By the use of the model, Goleman states that human beings have two parts of the mind, one for thinking, the other for feeling (143). At the same time, Goleman offers a preview of two types of Intelligence, emotional and rational Intelligence. How an individual performs in life is decided on by the two. For example, one’s Intelligence cannot work correctly while lacking the emotional aspect of Intelligence. Goleman maintains that a balance of the two is essential for one to act and perform at their best. Through the psychological brain model, Goleman illustrates that it is crucial to harmonize the heart and the head, a phenomenon that is often forgotten by parents, teachers and students.

Different from Intelligence Quotient, Emotional Intelligence is an innovative ideology, but it is quickly gaining prominence as a powerful tool as compared to IQ. Research shows that IQ cannot be altered; however, through the mental model as formulated by Goleman, Emotional Intelligence can be improved upon and learned (151). It’s no doubt that academic Intelligence provides for little preparation for the challenges and opportunities in adult life. Many cultures all over the world hold it that success is pegged on academic Intelligence assuming the role of Emotional Intelligence. Emotional Intelligence is critical to the comprehension as to why one individual succeeds while another fails. According to Goleman, emotional intelligence is “a meta-ability” that remains a definite determiner of how one applies and uses their skills and raw abilities (165). According to research, individuals with high emotional adeptness, those who can manage and know their feelings appropriately can counter situations effectively as compared to persons with low emotional adeptness. Individuals who cannot apply necessary regulation on their emotions often find themselves battling numerous personal issues that derail their progression in life.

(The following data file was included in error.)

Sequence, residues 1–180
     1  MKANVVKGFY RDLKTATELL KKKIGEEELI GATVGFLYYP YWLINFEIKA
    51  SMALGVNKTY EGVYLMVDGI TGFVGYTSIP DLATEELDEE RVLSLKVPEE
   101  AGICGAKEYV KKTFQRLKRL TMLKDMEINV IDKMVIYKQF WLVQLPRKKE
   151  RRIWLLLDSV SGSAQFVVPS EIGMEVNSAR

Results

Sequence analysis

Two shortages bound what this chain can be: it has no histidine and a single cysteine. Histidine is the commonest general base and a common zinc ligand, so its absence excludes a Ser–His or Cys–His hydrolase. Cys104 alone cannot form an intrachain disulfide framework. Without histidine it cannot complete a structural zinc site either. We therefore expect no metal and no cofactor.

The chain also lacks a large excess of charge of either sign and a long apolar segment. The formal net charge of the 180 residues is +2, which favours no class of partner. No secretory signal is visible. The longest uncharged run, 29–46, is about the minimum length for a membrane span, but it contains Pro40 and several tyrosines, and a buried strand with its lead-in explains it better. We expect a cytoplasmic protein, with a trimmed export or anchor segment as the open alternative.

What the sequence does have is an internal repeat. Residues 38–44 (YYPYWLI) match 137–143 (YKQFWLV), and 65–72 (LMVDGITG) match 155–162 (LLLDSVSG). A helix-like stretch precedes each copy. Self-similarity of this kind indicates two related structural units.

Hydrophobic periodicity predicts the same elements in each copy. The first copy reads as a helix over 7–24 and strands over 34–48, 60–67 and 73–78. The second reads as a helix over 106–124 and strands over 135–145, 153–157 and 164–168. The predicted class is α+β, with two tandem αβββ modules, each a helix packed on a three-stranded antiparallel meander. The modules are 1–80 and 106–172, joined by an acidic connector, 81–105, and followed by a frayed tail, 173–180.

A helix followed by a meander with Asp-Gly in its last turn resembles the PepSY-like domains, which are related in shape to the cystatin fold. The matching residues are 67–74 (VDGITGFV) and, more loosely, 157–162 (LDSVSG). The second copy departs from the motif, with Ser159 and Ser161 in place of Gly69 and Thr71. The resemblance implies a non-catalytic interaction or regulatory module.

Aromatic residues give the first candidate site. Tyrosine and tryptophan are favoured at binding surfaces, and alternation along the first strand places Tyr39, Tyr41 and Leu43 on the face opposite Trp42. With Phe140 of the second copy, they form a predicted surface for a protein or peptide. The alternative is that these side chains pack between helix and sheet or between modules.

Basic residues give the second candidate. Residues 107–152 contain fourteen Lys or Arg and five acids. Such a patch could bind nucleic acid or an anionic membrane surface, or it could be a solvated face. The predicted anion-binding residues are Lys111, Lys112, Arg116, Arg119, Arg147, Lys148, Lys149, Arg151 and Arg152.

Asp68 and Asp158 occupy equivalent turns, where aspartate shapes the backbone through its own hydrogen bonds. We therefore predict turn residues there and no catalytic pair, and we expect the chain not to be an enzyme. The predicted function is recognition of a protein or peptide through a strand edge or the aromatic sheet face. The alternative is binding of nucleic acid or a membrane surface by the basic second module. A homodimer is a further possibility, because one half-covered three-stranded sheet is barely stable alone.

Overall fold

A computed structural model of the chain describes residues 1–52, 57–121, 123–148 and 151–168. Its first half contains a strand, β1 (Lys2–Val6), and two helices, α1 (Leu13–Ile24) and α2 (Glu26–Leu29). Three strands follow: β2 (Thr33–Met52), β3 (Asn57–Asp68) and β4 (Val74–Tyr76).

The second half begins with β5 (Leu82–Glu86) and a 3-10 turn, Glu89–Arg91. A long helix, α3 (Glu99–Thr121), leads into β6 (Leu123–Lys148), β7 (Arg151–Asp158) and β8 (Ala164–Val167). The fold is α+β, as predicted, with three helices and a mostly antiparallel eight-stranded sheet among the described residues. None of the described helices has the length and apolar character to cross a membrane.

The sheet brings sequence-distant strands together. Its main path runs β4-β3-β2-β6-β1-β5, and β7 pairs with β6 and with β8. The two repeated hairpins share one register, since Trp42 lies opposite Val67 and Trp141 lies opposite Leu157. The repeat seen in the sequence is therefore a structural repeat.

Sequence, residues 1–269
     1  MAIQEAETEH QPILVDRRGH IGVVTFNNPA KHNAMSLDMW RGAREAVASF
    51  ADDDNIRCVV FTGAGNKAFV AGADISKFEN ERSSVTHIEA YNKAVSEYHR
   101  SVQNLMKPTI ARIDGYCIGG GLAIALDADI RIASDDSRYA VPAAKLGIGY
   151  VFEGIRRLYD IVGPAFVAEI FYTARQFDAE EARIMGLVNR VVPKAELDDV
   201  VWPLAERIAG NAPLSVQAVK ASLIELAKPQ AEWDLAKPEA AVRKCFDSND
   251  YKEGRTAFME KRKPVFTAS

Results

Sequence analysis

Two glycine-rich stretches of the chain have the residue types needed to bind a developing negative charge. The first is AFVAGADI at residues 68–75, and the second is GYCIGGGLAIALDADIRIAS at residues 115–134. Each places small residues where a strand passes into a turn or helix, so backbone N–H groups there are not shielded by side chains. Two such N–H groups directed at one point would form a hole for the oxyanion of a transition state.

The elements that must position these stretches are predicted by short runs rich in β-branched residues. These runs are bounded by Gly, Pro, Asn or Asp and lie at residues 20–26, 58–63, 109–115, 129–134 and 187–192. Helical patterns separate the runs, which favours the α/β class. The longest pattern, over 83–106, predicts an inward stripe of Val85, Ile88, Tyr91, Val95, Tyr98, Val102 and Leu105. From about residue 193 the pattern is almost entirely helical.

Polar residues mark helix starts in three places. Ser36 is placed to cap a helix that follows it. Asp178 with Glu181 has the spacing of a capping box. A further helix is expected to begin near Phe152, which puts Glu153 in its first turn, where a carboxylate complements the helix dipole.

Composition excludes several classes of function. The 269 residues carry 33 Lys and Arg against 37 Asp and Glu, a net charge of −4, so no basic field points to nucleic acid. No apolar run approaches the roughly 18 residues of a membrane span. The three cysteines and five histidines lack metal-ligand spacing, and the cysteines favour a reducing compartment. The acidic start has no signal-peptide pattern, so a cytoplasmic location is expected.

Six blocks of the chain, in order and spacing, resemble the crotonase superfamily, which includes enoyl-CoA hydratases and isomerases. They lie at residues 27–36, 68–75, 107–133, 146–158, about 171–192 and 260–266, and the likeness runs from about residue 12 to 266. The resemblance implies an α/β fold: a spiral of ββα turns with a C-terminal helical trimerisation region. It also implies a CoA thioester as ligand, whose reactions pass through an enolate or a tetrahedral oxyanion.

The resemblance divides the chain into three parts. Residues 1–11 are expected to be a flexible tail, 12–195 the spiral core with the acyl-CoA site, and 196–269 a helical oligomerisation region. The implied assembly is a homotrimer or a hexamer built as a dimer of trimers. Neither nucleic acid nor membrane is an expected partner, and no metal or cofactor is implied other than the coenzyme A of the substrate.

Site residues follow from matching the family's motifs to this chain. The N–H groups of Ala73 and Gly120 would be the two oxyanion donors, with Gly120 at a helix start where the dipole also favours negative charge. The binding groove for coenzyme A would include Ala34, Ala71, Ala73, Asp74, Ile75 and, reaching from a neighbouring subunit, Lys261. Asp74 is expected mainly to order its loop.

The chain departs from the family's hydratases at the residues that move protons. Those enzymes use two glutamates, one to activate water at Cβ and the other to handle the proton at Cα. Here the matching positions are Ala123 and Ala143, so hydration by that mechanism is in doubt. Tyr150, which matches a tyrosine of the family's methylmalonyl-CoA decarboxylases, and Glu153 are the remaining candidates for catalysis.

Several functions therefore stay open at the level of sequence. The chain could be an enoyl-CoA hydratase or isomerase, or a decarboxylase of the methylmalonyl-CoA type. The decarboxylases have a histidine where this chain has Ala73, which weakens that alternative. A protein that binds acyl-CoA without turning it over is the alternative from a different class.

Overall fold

Students who tend to be anxious, angry, depressed, and cannot handle issues appropriately are living examples of a thinking brain overpowering the emotional mind. Good feelings often strengthen thinking flexibility in addition to brain flexibility, making it easier for them to find solutions to challenges they face at both the personal and intellectual level. Goleman cites that research is discovering that optimism and hope play a critical role in an individual’s life and that those with positivity approach issues with less worry. At the same time, Goleman posits that feelings do have substantial impacts on the nervous system, the part that centrally regulates the entire human body (142). For example, constant anxiety and anger can make one susceptible to various ailments that include depression, ulcers and numerous health complications. Goleman uses multiple psychological theories to explain both emotional Intelligence and cognitive Intelligence and their relevance, especially towards personal development. They include the Triarchic theory of Intelligence, “Gardner’s theory of multiple intelligence” and Spearman’s theory of Intelligence. Despite various approaches to explaining Intelligence in human, Goleman maintains that emotional Intelligence that falls under interpersonal Intelligence, according to Gardner’s theory of multiple Intelligence remains the most profound concerning personal development. Gardner’s theory is comprised of nine unique types of Intelligence that include; naturalistic Intelligence, Musical Intelligence, existential Intelligence, Interpersonal Intelligence and bodily-kinesthetic Intelligence (Goleman 199). Others include linguistic Intelligence, intrapersonal Intelligence and visual-spatial Intelligence. According to the theory, interpersonal Intelligence encompasses emotional Intelligence. People with interpersonal Intelligence often have the high ability to comprehend the actions, motives and thoughts of others. Such comprises what Goleman perceives as the best attribute to managing oneself.